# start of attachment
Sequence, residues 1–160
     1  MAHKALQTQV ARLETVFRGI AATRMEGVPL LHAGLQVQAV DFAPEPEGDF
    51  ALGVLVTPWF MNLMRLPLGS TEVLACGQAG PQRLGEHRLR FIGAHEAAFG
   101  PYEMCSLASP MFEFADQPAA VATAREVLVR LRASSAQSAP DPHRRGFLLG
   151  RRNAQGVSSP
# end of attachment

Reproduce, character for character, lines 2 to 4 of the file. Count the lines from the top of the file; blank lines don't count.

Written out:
     1  MAHKALQTQV ARLETVFRGI AATRMEGVPL LHAGLQVQAV DFAPEPEGDF
    51  ALGVLVTPWF MNLMRLPLGS TEVLACGQAG PQRLGEHRLR FIGAHEAAFG
   101  PYEMCSLASP MFEFADQPAA VATAREVLVR LRASSAQSAP DPHRRGFLLG